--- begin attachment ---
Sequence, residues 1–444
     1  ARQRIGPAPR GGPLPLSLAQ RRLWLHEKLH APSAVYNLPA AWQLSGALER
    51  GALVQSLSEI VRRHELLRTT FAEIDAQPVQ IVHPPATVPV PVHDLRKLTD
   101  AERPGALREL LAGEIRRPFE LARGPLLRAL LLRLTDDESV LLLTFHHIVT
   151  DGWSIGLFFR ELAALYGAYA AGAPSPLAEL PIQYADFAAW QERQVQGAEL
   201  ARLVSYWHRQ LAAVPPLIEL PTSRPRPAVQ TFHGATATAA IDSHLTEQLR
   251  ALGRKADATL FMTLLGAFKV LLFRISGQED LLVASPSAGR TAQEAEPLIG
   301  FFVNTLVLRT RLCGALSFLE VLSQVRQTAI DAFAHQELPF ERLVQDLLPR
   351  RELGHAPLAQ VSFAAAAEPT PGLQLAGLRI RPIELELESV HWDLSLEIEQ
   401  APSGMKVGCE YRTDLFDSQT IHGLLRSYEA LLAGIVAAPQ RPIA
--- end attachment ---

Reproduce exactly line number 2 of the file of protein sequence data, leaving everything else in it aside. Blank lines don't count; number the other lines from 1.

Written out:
     1  ARQRIGPAPR GGPLPLSLAQ RRLWLHEKLH APSAVYNLPA AWQLSGALER